Do You Know The Brave Hanukkah History?

Ashley | 11 - 11 - 2021
Hanukkah History

The Hanukkah history is filled with stories of bravery and valor for the Jews.  Wish your Jewish friend “Hanukkah Sameach!”(Happy Hanukkah),“Chag Sameach!” (Happy Holidays), or“Chag Urim Sameach!” (Happy Holiday of Lights) after reading this Hanukkah story.

Hanukkah Origin

Greek King Antiochus IV Epiphanes had possessed the Jewish temple and outlawed their religion. He sacrificed pigs on the altar created for Zeus inside the temple. The Maccabees defeated the Greeks and rededicated the temple in Jerusalem around 167-160 B.C. ‘Hanukkah’ means ‘dedication’ in Hebrew. 

During the rededication, there was enough oil only to light the temple for a single day yet the lamp stayed ignited for eight whole days and nights as a miraculous indication of a supernatural power.

What's the Meaning of Hanukkah?
  • A. Dedication
  • B. Victory
  • C. Jerusalem
  • D. Christmas

When Did Hanukkah Start?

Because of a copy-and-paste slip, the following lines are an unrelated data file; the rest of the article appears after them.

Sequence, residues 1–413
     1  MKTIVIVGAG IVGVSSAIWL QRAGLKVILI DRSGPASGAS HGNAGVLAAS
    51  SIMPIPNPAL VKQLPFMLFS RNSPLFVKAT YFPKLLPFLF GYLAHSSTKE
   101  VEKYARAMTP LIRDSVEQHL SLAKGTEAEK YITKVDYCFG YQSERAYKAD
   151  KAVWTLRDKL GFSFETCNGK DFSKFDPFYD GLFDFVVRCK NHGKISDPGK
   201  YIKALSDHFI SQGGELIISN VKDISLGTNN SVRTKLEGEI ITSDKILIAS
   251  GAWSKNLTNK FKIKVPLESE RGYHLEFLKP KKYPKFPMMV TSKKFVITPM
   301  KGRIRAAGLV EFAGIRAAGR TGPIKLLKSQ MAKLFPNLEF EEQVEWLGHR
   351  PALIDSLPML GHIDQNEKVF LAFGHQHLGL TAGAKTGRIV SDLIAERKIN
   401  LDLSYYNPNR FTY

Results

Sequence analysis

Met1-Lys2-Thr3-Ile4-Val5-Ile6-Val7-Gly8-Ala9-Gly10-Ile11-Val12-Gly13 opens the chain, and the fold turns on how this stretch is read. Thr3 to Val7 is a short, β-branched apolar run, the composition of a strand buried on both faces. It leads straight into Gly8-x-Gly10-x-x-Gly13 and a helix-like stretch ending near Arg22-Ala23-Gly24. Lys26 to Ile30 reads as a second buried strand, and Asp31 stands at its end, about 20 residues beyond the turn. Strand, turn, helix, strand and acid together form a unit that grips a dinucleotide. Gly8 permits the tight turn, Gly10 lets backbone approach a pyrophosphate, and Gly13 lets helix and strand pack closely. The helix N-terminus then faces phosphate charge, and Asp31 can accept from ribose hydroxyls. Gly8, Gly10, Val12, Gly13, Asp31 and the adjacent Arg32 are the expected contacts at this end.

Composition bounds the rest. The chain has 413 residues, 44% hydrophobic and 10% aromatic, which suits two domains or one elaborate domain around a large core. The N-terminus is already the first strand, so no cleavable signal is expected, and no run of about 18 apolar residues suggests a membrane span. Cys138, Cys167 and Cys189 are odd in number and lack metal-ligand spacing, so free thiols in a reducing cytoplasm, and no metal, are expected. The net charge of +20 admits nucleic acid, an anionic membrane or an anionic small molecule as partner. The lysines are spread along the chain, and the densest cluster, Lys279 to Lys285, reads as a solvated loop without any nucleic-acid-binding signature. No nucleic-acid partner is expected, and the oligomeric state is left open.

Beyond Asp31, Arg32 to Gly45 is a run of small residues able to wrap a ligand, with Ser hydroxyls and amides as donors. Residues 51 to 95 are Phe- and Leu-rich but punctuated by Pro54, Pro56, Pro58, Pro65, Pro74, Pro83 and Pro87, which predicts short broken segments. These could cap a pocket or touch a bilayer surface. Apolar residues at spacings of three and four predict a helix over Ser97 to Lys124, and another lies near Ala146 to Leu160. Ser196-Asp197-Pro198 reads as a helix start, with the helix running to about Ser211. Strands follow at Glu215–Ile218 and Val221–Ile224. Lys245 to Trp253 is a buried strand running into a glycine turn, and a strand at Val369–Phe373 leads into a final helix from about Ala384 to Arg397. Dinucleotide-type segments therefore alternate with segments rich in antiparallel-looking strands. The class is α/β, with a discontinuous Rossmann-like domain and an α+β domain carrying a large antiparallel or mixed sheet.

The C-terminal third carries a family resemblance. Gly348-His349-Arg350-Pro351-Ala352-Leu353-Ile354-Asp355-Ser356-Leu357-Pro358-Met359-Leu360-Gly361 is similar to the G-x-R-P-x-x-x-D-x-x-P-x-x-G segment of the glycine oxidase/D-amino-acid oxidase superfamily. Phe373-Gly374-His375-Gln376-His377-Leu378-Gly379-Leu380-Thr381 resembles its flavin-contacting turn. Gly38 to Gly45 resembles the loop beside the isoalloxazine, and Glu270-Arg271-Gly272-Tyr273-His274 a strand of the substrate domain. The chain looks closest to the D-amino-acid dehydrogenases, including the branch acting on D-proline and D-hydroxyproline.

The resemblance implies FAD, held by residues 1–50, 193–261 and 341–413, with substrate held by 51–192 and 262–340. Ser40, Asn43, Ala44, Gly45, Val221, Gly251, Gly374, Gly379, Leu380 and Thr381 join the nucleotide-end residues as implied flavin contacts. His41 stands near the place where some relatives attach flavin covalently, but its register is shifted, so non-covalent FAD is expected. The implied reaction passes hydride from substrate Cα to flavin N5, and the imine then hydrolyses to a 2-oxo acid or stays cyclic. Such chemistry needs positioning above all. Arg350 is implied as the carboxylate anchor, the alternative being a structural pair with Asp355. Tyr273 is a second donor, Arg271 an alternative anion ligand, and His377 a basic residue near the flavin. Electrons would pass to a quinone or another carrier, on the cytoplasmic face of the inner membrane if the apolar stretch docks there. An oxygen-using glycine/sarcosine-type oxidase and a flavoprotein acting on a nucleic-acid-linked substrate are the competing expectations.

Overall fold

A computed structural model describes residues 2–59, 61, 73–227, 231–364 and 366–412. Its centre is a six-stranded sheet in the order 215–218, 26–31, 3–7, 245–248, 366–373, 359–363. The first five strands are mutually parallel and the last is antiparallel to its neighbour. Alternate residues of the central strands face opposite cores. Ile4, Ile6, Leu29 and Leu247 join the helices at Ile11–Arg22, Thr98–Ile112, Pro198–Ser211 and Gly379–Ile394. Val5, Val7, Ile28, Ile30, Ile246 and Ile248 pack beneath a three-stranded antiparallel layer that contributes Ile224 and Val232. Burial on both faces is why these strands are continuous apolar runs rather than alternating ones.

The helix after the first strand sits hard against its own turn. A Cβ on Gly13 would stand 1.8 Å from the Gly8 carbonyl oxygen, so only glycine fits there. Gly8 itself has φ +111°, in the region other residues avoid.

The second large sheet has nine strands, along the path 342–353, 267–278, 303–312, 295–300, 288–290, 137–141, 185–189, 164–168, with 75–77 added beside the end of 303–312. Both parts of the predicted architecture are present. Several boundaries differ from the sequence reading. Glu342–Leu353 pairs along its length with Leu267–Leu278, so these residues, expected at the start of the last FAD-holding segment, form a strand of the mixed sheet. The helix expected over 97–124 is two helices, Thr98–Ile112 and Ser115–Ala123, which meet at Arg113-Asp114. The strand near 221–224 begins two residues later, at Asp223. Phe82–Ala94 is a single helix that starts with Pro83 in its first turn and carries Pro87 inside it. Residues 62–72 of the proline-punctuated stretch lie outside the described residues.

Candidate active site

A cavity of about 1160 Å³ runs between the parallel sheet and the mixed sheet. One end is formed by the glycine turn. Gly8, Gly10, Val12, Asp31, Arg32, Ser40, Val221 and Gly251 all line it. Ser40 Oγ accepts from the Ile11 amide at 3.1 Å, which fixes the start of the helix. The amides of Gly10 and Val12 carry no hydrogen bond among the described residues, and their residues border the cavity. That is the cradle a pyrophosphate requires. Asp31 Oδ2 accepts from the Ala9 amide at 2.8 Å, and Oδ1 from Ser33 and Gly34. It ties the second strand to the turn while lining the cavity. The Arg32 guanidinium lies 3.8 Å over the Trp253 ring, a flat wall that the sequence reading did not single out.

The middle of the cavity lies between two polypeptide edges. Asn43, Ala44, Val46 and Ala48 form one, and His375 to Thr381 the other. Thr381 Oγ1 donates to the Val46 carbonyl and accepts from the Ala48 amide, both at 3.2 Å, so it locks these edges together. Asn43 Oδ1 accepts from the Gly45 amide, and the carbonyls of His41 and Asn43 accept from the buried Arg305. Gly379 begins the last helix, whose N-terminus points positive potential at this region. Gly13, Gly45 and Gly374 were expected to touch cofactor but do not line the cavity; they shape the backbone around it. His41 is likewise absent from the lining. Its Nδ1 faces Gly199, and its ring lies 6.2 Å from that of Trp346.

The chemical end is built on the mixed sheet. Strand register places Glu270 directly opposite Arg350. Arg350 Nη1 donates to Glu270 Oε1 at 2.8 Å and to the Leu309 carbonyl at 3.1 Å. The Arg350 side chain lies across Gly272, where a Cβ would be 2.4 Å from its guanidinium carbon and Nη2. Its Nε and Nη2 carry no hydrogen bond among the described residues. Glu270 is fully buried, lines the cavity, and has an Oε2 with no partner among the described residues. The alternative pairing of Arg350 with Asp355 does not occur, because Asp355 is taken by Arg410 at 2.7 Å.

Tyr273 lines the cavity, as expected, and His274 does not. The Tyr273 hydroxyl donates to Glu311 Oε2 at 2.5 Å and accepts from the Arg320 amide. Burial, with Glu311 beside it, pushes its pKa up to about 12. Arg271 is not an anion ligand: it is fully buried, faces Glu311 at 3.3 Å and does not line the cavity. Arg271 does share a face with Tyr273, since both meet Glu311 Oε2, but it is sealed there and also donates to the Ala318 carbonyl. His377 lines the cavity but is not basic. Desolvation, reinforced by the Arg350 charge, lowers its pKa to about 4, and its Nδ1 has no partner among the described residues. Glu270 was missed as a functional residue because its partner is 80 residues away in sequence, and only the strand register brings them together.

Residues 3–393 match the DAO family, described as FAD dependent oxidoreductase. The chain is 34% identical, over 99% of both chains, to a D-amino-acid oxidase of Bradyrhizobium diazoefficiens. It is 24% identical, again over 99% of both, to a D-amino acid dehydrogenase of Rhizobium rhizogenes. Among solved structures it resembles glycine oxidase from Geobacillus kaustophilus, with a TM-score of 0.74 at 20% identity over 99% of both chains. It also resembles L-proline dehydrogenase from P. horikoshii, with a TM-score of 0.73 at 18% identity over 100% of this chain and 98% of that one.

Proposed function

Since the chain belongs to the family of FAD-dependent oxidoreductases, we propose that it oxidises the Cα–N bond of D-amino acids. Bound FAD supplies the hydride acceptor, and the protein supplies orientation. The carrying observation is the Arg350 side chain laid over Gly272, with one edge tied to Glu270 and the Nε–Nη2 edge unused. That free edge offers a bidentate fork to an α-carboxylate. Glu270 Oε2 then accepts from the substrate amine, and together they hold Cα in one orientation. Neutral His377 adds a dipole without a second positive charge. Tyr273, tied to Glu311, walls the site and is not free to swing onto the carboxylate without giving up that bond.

Hanukkah appears only in the New Testament where Jesus is mentioned to attend a ‘Feast of Dedication’. Hanukkah is not a ‘Jewish Christmas’ even though both holidays are celebrated at the same time of the year with similar traditions. It is celebrated for eight days and eight nights continuously from the 25th day of Kislev to recognize their victory. According to the Hebrew calendar, Kislev can fall anywhere between November and December.

When Was Hanukkah First Celebrated?

The first traditional Hanukkah resembling the present celebration didn’t happen until 250 years after the Greeks were defeated. The traditional Hebrew candelabra famously known as the Menorah consists of nine candle holders. While eight were aligned equally to represent the eight day the oil lamp lasted, the ninth candle called the shamash is placed distinctly to represent the original lamp itself. 

Unlike Shabbat, Hanukkah can be celebrated by going about usual activities, visiting family and friends. Jews generally eat fried foods on this day. The ‘Festival of Lights’ is celebrated by lighting the Shamash candle and one other candle on the menorah each day until the 8th day when all of them are lit simultaneously left to right.

Significance of Hanukkah History

Since reading the Torah was illegal, kids often play dreidel to read it while they play. This became a rich tradition later on. While the menorahs were originally placed facing the streets, practising judaism became a dangerous thing during the next few decades. Therefore, they were brought inside. Hanukkah is not mentioned in the Hebrew bible but it is in the Christina bible.   

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